Here is the step:

  1. Open the GitHub page and click on your profile picture in the top right corner.

  2. Click on Settings.

  3. In the sidebar, click on Developer settings.

  4. Go to Personal access tokensFine-grained tokens.

  5. Generate a new token. Select your repository and set the expiry date.

  6. Grant it permission to read contents.

  7. Done!

You should now have your GitHub PAT, which will look something like this:

github_pat_xxxxxxxxxxxx....

Create Needed Snowflake Resources

Okay, let's jump into the Snowflake console and get our hands dirty. First, we need to save our GitHub Personal Access Token in Snowflake as a Secret.

CREATE OR REPLACE SECRET git_secret
    TYPE = password
    USERNAME = 'dummy-username'
    PASSWORD = 'github_pat_xxxxxxxxxxxx....';

The username doesn't really matter; you can input whatever you want. The password must be the generated GitHub PAT token.

Next, using that Secret, let's create our API Integration to integrate GitHub and Snowflake.

CREATE OR REPLACE API INTEGRATION git_api_integration
  API_PROVIDER = git_https_api
  API_ALLOWED_PREFIXES = ('https://github.com/alvinend')
  ALLOWED_AUTHENTICATION_SECRETS = (git_secret)
  ENABLED = TRUE;

Using that API Integration, let's create the Git repository.

CREATE OR REPLACE GIT REPOSITORY snowflake_extensions
  API_INTEGRATION = git_api_integration
  GIT_CREDENTIALS = git_secret
  ORIGIN = 'https://github.com/alvinend/snowflake-extensions.git';

Invoke fetch to fetch the repository.

ALTER GIT REPOSITORY snowflake_extensions FETCH;

Check if our Snowflake Git repository can actually read it.

LS @snowflake_extensions/branches/main;

Now, let's declare our procedure. This simple procedure accepts a table name and returns ten rows from that table.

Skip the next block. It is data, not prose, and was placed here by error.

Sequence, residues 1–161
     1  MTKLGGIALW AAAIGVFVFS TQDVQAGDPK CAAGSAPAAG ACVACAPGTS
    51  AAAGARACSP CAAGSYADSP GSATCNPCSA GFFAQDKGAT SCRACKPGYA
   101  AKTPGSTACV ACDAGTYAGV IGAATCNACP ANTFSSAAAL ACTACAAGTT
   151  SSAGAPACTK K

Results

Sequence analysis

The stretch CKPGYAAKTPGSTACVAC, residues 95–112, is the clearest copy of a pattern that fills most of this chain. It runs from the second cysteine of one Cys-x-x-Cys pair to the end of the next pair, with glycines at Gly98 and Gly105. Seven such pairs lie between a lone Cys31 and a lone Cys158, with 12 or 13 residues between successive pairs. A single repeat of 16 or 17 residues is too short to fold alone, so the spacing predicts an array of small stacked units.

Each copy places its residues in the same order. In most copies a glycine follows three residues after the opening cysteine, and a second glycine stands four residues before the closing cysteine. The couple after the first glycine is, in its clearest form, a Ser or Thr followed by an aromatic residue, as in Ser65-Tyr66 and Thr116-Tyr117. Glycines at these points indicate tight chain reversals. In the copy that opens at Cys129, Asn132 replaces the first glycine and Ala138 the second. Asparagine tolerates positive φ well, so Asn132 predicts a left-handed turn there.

CREATE OR REPLACE PROCEDURE fetch(
    table_name VARCHAR,
)
  RETURNS TABLE(
    ID VARCHAR,
    NAME VARCHAR
  )
  LANGUAGE PYTHON
  RUNTIME_VERSION = '3.11'
  PACKAGES = ('snowflake-snowpark-python')
  IMPORTS = ('@temp_snowflake_extensions/branches/main/src/procedures/fetch/fetch.py')
  HANDLER = 'fetch.fetch';

All that's left to do is call it!

CALL fetch(
    'TEST_TABLE'
);

Closing

Managing Snowflake's UDFs and procedures with GitHub can significantly streamline your development process, enabling collaborative work and ensuring better code management. By leveraging Snowflake's powerful data platform and integrating it with GitHub, you can easily version-control your UDFs and procedures, reducing the risk of errors and making your workflows more efficient.

In this blog, we walked through the entire process—from creating a GitHub personal access token to integrating it with Snowflake. By following these steps, you can ensure that your Snowflake environment is robust, scalable, and easy to manage.

Happy coding, and may your data always be clean and your queries always be fast!

Did you find this article valuable?

Support Alvin Endratno by becoming a sponsor. Any amount is appreciated!